Home News Canada Vancouver Jewish foundation’s new head to focus on high cost Jewish life

Vancouver Jewish foundation’s new head to focus on high cost Jewish life

Marcie Flom

Marcie Flom can finally focus on just one thing: working with Vancouver donors to help them achieve their philanthropic goals.

Flom, who had previously worked as the vice-president of financial resource development at the Jewish Federation of Greater Vancouver (JFGV), will become the executive director of the Jewish Community Foundation of Greater Vancouver, an arm of the JFGV. The role will put her in a position to build strong relationships with donors and to hone her understanding of the Jewish community’s needs.

The newly created executive director position was established “as a strategic approach to building the assets, working with fund holders to create their legacy and creating vital resources within the community,” she said.

Flom, 55, is a Toronto native who moved to Vancouver 25 years ago to work for the Vancouver Playhouse Theatre Company. She has worked for the JFGV for the past 12 years, overseeing the annual campaign, special projects and corporate funding of close to $15-million annually.

One of the key issues for Flom is affordability in Vancouver. “We’re seeing the high cost of living in Vancouver force Jewish families to make decisions about how they’re living and their participation in Jewish life,” she said.


“Decisions like whether they can continue to send their kids to Jewish day schools, participate in a shul or attend the Jewish community centre – all things that are expensive when you relate them to the high cost of living. I’d love to be able to address that through the foundation, be it in subsidies for Jewish education or housing initiatives, and I believe I can do it working with fund holders who have a shared interest in making Jewish life more affordable.”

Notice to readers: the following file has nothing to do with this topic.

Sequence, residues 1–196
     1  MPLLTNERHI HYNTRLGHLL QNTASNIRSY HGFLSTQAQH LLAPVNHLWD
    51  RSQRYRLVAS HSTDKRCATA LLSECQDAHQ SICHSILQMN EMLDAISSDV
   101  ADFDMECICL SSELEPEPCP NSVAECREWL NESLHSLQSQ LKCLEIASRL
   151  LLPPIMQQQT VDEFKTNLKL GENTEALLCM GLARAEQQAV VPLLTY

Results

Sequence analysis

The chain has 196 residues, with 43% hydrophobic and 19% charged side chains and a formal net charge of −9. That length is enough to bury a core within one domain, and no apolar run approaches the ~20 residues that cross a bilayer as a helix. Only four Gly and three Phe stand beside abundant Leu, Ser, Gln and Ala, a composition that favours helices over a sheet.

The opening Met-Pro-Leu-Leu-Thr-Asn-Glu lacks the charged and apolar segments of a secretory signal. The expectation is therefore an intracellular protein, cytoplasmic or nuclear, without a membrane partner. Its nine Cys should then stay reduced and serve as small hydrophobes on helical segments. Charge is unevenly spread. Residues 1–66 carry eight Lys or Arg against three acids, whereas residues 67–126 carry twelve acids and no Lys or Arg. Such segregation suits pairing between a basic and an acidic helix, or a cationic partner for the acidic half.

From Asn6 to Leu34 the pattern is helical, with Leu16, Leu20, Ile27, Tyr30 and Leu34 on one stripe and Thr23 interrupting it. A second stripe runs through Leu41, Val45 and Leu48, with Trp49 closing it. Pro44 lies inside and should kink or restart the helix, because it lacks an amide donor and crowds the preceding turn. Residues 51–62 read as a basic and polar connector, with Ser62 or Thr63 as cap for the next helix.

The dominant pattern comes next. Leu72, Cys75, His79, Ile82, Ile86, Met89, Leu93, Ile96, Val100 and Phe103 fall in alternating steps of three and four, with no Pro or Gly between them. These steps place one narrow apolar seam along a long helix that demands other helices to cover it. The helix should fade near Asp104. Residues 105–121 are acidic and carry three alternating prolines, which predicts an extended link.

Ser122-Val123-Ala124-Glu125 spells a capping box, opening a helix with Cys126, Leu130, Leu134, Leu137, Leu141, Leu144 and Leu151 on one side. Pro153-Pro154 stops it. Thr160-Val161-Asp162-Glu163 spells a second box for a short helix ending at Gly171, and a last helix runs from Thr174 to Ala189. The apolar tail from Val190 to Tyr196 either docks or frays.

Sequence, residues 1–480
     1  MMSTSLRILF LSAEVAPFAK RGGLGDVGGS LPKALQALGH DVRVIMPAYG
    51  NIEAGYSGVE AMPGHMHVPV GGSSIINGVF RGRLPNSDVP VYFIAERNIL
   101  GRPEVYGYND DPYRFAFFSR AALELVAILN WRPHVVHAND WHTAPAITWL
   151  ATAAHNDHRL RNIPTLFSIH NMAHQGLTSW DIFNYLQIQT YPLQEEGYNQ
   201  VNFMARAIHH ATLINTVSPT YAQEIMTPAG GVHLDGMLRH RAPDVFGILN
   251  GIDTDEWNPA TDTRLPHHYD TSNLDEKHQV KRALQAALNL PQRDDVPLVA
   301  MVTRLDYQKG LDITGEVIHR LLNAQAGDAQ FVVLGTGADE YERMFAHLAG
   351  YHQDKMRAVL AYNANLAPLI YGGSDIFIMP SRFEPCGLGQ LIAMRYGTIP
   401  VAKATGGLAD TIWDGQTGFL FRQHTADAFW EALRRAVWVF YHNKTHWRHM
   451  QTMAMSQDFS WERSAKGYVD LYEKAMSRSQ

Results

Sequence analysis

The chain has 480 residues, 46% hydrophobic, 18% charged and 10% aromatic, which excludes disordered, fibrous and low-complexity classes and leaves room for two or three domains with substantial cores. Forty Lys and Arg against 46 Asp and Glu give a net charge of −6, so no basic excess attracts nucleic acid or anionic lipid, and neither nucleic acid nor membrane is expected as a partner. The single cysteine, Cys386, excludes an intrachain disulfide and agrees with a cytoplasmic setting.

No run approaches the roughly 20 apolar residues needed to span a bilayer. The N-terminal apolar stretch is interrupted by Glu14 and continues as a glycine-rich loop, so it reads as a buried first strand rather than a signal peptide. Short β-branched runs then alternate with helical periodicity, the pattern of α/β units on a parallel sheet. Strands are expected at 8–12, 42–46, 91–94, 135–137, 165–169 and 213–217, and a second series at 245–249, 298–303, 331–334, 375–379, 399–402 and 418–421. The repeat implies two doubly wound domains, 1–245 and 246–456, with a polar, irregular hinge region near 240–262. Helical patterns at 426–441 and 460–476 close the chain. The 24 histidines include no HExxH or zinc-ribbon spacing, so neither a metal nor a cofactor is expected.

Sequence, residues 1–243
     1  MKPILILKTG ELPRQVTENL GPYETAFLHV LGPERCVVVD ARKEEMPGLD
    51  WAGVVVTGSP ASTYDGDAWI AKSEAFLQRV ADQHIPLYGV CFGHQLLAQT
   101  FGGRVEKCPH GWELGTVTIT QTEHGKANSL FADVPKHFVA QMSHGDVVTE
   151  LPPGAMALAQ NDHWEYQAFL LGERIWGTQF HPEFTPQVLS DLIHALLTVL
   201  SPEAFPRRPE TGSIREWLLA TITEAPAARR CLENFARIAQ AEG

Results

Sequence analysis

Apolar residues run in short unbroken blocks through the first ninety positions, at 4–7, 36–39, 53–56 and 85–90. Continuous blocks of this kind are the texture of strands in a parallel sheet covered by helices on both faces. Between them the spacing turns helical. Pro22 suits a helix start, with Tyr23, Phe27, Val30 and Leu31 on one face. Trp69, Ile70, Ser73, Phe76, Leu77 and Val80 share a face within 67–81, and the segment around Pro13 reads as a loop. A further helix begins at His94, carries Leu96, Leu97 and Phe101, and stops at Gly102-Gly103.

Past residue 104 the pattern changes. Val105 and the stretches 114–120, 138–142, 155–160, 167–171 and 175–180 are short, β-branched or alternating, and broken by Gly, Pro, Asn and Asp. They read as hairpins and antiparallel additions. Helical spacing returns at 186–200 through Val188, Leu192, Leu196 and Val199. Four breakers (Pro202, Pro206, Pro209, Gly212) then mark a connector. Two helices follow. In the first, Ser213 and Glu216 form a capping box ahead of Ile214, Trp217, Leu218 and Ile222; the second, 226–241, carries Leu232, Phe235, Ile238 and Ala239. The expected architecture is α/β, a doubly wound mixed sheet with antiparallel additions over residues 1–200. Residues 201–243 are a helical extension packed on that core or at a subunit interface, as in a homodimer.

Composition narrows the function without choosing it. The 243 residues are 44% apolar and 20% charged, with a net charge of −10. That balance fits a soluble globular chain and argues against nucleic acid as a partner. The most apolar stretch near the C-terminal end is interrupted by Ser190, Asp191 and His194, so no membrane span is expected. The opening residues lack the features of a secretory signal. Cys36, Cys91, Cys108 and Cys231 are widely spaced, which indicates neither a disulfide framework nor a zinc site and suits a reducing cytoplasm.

Flom’s new role emerged from the Jewish Community Foundation’s strategic planning process.

Judy Korbin, chair of the foundation’s board of governors, said the organization is investing in resources, such as full-time staff, for the first time since the 2008 economic downturn.

“Re-investing in staff resources will enable the Jewish Community Foundation to grow, which is critical to the long-term viability of the Jewish community. The board of governors remains committed to ensuring the philanthropic goals of the foundation’s fund holders are fulfilled, that our community organizations are strengthened, and that the continuity of the Jewish community is ensured through legacy planning,” said Korbin.

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